So I changed programs to something I thought I could keep believing in; I switched to something else I wanted to do, thinking there might be more teaching involved and student assistance. And again, I was wrong. None of the classes focused on anything. They’ve merely been some individual who knows a lot about something talking at me about it for three hours at a time; they’ve refused to engage me in discussions, to try to talk about anything in the topic. Every time they do an assessment, they don’t give any functional criteria; it becomes a game of mind-reading, and I’m not a telepath.
I’m not trying to say these people who are teaching me don’t care; some of them, to some degree, must care enough to try. I do feel that most of the people I interact with, though, are doing it because it’s a pay-check; they’re doing it because this was what they found, and they don’t care as long as they make a living from it. It’s the same in all areas of education. There are tons of primary and secondary teachers who genuinely care, but there are those who couldn’t give crap if they tried. It’s mixed, and that’s how all jobs are; there are people who love it and want to improve it, and there are people who are just there because someone’s paying them to be.
But I’m constantly dealing with lecturers who, when I ask a question, tell me to “refer to the course outline.” It doesn’t matter what I ask; that is their response. I have lecturers who openly acknowledge that they’re boring and bad instructors, that they could be doing a better job; they do nothing to improve themselves. I have tutorials being taught to me by students who took the course last year, and they do nothing more than give me the answers to worksheets rather than help me work through problems I don’t understand. I have instructors who give me criteria that may as well read “do an assignment on something” because it tells me nothing useful about what I’m supposed to do.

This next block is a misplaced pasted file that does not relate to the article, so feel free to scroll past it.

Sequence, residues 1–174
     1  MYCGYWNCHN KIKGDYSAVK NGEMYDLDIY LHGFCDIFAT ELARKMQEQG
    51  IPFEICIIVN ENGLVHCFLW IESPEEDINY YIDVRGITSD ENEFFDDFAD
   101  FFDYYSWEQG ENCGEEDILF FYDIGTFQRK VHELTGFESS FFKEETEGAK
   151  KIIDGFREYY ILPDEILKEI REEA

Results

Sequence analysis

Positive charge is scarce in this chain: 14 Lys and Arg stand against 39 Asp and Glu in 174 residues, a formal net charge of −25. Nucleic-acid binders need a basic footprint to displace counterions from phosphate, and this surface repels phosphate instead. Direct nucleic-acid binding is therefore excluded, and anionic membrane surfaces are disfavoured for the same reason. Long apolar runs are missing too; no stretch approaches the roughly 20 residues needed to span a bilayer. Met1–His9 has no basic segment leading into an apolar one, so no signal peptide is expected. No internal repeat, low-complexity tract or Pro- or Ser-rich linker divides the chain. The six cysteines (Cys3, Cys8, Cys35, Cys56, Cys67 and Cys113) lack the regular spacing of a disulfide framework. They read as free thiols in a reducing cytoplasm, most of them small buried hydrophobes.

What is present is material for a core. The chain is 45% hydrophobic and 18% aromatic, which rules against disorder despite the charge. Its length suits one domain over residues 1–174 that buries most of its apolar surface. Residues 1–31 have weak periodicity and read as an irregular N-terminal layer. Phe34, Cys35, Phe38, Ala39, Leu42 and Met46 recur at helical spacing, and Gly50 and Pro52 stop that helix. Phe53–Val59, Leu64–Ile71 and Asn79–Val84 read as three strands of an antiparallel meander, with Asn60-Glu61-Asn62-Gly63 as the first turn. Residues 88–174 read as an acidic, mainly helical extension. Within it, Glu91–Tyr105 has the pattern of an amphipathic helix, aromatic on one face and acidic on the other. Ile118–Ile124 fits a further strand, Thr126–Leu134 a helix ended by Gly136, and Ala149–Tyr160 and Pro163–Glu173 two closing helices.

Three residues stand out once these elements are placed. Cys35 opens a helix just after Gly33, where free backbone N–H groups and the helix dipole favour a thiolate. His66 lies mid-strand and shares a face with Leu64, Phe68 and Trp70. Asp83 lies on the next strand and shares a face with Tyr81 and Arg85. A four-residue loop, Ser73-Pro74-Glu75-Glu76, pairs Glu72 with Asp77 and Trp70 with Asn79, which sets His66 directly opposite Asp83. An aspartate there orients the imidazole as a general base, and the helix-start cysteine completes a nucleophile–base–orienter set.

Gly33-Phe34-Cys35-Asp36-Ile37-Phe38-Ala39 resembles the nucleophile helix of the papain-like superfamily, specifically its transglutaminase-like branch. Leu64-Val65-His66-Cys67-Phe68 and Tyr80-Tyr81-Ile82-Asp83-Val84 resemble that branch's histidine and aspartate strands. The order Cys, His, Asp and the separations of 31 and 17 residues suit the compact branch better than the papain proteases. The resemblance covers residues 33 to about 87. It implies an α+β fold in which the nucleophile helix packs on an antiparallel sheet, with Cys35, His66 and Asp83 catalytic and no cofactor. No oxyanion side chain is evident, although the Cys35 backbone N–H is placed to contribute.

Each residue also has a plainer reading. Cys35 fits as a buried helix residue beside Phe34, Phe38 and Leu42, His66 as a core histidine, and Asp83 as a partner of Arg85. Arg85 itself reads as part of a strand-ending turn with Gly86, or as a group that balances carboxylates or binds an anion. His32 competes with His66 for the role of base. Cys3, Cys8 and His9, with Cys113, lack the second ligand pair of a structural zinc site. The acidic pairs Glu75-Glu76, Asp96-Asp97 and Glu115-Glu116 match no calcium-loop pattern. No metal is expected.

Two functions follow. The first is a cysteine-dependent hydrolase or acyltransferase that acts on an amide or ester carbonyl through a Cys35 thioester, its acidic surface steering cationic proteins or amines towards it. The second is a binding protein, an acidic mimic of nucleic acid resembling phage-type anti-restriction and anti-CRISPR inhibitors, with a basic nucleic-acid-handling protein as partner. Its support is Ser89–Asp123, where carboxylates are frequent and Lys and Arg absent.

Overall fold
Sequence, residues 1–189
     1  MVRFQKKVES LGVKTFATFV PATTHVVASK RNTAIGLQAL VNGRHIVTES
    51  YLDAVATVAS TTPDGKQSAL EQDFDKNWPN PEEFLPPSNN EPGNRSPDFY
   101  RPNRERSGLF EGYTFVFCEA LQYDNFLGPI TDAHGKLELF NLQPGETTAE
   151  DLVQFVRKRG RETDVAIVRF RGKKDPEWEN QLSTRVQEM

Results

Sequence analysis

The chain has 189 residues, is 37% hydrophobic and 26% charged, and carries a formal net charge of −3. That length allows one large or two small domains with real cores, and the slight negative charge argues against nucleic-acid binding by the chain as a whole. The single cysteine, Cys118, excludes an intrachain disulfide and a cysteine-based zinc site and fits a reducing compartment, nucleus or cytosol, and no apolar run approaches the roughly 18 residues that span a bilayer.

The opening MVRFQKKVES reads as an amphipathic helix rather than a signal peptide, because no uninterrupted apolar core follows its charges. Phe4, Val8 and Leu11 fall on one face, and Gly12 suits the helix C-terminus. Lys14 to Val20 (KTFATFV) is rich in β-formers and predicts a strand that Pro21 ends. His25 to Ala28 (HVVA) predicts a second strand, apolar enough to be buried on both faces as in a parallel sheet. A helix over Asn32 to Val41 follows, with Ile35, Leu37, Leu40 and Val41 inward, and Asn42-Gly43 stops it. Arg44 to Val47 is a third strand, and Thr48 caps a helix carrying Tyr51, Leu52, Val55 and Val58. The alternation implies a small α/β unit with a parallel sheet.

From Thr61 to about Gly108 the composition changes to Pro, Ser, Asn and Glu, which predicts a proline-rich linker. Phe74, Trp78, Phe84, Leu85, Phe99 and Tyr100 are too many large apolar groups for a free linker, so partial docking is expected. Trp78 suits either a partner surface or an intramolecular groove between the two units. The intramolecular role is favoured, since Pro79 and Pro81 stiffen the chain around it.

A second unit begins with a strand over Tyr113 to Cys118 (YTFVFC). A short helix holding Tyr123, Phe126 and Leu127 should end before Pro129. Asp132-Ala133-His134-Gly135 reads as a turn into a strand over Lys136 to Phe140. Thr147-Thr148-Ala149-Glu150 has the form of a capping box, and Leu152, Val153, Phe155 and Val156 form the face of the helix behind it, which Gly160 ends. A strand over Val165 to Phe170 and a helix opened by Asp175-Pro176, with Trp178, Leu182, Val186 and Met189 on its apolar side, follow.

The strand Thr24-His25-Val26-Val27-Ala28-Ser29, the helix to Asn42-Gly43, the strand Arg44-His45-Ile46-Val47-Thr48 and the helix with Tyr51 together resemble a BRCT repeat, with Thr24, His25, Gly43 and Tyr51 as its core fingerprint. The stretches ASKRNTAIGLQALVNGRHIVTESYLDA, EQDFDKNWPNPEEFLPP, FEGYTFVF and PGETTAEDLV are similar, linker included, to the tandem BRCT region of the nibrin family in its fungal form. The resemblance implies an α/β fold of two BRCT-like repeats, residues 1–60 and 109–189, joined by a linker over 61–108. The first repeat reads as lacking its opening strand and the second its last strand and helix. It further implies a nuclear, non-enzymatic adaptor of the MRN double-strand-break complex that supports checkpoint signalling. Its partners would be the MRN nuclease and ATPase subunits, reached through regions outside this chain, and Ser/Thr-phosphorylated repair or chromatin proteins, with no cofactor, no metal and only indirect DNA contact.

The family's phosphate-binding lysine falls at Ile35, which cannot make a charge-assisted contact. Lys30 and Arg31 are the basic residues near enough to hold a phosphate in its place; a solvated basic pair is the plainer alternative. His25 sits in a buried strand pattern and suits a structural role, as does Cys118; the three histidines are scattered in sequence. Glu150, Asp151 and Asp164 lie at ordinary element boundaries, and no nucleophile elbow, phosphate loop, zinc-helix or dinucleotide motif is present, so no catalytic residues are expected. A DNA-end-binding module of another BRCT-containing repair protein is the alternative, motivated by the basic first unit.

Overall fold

And the really annoying thing for me, though, is that the entire university experience feels like some factory assembly line; it feels like no one cares, no one wants to help, and no one wants to address any issues. They just want to push me on through, without really caring if I’m functioning at the right level or not. They ask for feedback to make us feel better, but they never want to use it. There is a massive disconnect, and it’s more than apparent.
So I want to propose something. If universities are going to continue running as the business they clearly are, I want to have the same consumer rights that I have elsewhere; I want a warranty or a guarantee for their product. I want a longer consensus date to remove myself from courses without financial penalty, to get a credit or a refund; I want to provide useful feedback about why I’m leaving those classes or why I chose to stay, and I want it used to make the product better. I want the people who are teaching me to be trained in engaging techniques, rather than people who simply think teaching is talking at people. I want to not be penalised for dropping bad classes because I’m on a student visa, which currently forces me to be a full-time student (rather than a good student who makes an effort – I also feel that this is a bit of a disgusting requirement for university students, but I have a lot of other complaints about the visa process to address elsewhere).
I want to believe in our education systems. But right now, all I can think is that I do not want any child or adult to believe our current school systems are “education.” They are not. They do not foster understanding, they do not motivate learning, and they do not wish to engage with students; they’re nothing short of broken institutions that need radical fixing to make them worthwhile again.
I believe in education, but I do not believe in our schools.
<Razmos> It looks like snatch anchor
I cannot unsee this.